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Claim Your Free Copy of Overtime Primer: Highlights from the New Regulations

The federal DOL overtime regulations go into effect this year. Are you ready?

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This report includes a summary of key changes, including the salary level test and salary basis test.

As a bonus, we've included a handy flowchart to help you determine exemption status under the FLSA.

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February 07, 2003
No 'Pay Parity' Planned for Federal Workers
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er President Bush’s proposed budget for 2004, members of the armed forces would receive average pay increases more than double the size of those given to civilian federal workers, the Washington Post reports.

The military would average a pay increase of 4.1 percent and civilian employees would get a 2 percent pay raise, according to the Washington Post. The newspaper says that this is the second consecutive year Bush has ignored the tradition of “pay parity.”

There have been requests from both Republicans and Democrats in Congress to hold to the tradition. Rep. Steny H. Hoyer, a Democrat, and Rep. Thomas M. Davis III, a Republican, have introduced a measure that calls for pay parity, the Post reports.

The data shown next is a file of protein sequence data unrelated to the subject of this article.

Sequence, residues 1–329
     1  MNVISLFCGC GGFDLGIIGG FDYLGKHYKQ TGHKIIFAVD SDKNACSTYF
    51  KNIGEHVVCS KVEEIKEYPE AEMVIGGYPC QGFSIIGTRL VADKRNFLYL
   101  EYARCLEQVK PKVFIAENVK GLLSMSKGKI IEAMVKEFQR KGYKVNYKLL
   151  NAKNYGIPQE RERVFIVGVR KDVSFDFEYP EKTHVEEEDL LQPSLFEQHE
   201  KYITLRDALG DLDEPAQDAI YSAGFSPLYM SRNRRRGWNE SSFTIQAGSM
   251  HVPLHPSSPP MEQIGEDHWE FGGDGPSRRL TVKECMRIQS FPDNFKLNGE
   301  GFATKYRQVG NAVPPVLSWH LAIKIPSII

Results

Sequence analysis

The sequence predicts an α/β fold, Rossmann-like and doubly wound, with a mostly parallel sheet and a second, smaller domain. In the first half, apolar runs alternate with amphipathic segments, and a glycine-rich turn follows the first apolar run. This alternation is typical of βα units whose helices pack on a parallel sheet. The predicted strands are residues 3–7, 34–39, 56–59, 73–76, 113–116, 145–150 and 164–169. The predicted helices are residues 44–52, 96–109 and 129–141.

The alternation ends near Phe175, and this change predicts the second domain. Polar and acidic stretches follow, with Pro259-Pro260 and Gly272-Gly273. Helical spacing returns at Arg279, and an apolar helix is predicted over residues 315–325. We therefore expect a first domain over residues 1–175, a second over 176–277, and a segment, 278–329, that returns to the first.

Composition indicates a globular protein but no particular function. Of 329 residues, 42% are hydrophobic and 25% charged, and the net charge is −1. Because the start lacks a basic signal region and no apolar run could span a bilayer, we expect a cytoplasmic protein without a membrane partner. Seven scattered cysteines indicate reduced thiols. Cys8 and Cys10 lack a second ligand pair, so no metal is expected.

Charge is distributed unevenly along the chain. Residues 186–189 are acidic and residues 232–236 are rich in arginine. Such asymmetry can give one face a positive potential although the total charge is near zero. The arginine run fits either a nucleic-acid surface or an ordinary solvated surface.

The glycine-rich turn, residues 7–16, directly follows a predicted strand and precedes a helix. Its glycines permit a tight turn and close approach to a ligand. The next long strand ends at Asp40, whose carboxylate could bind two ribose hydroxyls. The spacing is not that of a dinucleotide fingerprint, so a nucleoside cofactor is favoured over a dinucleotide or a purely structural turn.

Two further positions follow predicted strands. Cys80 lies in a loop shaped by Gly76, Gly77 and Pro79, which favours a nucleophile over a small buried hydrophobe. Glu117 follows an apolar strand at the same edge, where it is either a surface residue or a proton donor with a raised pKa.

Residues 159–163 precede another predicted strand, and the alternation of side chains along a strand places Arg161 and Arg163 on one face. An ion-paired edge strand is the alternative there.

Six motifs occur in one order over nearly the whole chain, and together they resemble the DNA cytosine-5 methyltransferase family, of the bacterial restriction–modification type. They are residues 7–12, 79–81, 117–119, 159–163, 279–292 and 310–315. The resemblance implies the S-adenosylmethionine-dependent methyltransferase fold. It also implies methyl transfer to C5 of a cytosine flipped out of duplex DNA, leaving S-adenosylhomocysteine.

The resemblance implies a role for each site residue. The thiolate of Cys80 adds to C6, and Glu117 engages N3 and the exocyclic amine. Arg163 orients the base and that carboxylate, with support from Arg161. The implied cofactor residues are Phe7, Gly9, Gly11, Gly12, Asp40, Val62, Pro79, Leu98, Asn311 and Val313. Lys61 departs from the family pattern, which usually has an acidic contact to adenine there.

“It is critically important that we pay our civilian federal employees a competitive wage or we will not be able to recruit and retain the quality workers that are necessary to fight the war on terrorism and run an effective government,” Hoyer tells the newspaper.

The Post reports that the 2 percent increase for federal civilian workers doesn’t meet the 2.7 percent raise called for by a federal pay law, one that was designed to bring public-sector workers’ wages closer in line with those of private-sector employees doing similar work.

Under the president’s plan, federal agencies would also be able to dip into the new $500 million “performance fund” to boost the raises of their best civilian workers, according to the Post. The Post notes that the fund would require congressional changes in federal pay laws.


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